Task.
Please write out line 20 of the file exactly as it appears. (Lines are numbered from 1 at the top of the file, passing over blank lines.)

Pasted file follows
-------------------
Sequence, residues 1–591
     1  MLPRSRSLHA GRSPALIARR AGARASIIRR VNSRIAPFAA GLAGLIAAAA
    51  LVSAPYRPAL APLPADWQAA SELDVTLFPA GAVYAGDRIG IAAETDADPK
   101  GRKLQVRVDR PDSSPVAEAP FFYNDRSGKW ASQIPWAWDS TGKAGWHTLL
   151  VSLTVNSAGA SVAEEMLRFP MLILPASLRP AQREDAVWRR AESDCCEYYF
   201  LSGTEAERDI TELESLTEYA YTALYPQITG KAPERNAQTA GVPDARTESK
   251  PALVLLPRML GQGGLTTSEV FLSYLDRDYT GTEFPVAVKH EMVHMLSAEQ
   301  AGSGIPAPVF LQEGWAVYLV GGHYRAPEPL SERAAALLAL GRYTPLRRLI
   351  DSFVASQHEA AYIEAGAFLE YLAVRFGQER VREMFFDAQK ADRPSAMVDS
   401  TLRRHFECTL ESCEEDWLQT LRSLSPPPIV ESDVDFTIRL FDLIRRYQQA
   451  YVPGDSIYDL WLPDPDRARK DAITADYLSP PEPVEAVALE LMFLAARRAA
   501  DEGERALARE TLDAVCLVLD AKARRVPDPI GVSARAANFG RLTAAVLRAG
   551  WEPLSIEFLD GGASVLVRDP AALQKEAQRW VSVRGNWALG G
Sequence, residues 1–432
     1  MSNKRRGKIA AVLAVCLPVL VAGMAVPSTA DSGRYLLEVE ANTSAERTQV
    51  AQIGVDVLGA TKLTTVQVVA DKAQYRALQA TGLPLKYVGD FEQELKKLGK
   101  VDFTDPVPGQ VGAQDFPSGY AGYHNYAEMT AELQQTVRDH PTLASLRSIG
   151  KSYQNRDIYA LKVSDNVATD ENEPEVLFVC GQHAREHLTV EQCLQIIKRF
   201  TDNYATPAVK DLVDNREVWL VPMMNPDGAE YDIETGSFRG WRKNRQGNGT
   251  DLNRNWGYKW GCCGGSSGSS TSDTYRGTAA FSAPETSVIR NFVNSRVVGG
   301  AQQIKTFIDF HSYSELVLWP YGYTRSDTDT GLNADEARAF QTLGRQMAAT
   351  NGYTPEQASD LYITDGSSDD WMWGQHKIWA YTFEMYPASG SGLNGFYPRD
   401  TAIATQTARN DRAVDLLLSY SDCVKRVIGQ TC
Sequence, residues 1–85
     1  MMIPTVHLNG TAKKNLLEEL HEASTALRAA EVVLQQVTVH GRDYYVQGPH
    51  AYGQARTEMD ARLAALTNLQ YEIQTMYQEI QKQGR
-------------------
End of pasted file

   251  DLNRNWGYKW GCCGGSSGSS TSDTYRGTAA FSAPETSVIR NFVNSRVVGG